Travels With My Aunt

His eccentric Aunt Augusta persuades retired bank manager Henry to abandon his dull life and embark upon a series of unexpected and hilarious adventures. Travelling with his aunt to Brighton, Paris, Istanbul and then across the world to South America, Henry encounters his aunt’s shady associates – pot-smoking hippies, war criminals, men from the CIA and art smugglers. Henry finds himself coming alive as he puts his former life behind him.

You will realise from the foregoing description that this production is a long way from the three-act, three-set format with which we are all so familiar. It is indeed a most ambitious production because there are some 30 different locations that cannot be represented in a realistic way. So the production has to suggest the locations to the audience, who need to imagine where the action is taking place. Throughout the action, changes to the layout of moving platforms, chairs, tables and other props are quietly made by a black-clad team so the audience is not distracted from the actors.

The play depends upon the monumental performances of John Sivewright, who is perfectly cast as Henry, and Sheila Dove, who portrays very well the vibrant character of Aunt Augusta; she enjoys recounting her many adventures and, particularly, relationships. These actors are on stage throughout almost the entire performance of just over two hours – most impressive. If I had a criticism, it would be that at times, their diction was not as clear as it might have been.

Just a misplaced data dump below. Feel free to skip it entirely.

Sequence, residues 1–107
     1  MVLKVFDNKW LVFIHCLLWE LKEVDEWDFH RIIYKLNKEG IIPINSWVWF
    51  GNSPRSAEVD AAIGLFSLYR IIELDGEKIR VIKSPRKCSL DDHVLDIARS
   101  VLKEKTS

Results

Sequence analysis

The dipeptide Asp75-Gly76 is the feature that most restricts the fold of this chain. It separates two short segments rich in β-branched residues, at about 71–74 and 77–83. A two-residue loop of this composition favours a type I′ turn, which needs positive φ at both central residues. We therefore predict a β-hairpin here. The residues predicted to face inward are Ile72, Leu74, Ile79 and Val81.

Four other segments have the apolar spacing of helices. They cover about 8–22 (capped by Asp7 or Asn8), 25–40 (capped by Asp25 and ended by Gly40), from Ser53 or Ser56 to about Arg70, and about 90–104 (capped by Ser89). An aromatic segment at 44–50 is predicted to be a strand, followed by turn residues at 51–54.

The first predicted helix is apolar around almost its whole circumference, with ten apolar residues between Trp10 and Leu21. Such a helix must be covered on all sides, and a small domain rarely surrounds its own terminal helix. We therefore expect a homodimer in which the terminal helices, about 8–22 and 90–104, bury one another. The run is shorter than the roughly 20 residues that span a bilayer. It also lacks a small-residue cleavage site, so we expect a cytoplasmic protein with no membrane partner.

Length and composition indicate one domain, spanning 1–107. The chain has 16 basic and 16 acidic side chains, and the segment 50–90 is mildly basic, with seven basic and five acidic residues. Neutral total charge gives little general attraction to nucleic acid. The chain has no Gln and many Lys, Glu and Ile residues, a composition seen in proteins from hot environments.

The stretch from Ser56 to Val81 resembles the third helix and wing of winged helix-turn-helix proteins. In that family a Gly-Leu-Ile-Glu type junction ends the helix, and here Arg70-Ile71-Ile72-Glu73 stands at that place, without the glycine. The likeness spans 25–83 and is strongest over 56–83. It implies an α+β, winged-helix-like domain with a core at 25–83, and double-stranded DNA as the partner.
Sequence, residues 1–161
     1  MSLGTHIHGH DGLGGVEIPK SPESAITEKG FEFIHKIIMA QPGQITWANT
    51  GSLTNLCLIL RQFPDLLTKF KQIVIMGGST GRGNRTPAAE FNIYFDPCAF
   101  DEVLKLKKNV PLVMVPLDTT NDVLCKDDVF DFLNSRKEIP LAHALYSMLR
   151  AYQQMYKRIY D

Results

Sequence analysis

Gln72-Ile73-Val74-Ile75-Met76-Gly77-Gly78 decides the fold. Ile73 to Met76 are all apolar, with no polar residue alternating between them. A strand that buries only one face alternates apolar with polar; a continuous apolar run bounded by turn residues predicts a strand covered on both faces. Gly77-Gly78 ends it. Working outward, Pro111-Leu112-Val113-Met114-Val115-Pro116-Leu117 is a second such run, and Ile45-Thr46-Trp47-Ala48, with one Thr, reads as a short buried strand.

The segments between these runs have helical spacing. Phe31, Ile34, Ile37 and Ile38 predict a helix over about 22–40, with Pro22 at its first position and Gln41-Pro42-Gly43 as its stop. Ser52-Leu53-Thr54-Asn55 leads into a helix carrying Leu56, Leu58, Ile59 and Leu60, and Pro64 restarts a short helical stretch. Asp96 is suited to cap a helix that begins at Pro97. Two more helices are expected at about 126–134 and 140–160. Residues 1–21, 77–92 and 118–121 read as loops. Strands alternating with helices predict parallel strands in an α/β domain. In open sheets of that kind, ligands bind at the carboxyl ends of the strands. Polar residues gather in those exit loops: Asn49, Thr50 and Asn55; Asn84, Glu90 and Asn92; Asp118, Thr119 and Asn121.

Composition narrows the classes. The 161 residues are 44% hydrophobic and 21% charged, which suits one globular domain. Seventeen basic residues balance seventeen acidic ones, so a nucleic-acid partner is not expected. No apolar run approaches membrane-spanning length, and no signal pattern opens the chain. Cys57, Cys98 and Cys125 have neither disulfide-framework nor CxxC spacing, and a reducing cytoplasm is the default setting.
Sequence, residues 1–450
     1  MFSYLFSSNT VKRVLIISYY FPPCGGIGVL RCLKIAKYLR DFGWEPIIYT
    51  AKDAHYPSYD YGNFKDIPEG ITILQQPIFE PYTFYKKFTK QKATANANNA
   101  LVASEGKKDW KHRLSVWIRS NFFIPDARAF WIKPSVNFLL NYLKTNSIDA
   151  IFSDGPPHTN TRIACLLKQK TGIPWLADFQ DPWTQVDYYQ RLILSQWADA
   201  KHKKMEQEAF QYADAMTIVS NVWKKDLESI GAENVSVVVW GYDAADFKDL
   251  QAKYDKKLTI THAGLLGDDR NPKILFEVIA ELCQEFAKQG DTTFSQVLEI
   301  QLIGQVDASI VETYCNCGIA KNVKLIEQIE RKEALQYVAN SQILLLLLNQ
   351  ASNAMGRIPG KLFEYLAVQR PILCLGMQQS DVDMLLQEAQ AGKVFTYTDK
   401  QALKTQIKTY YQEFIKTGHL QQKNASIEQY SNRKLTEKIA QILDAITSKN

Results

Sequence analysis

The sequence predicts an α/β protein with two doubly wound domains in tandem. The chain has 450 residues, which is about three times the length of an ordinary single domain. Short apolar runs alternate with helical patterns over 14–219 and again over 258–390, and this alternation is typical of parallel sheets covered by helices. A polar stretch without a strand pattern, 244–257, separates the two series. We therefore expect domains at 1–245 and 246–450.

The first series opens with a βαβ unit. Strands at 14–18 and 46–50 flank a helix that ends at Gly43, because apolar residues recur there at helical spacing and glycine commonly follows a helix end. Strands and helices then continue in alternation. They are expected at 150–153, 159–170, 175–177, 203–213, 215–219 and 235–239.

Other characters appear and re-appear in different scenarios – Rob Cording-Cook has two roles, one of which is the unlikely ‘partner’ of Aunt Augusta, but he is convincing in the portrayal of this bizarre relationship. Simon Jackson’s character, Visconti, is referred to throughout the action but he appears only in the final scenes where he does not disappoint given all that we have come to believe about Visconti. The representation of rides in a taxi driven by Colin Pile by various characters is particularly amusing. Colin Pile also plays a detective sergeant who creates moments of suspense in what is essentially a comedy throughout. Jenny Hughes has three roles, two of which are not very brainy police officers – shades of Much Ado earlier this year.

Director Phyllis Spencer has chosen to produce a most challenging play and the Wimborne Drama Productions team has risen magnificently to the challenge.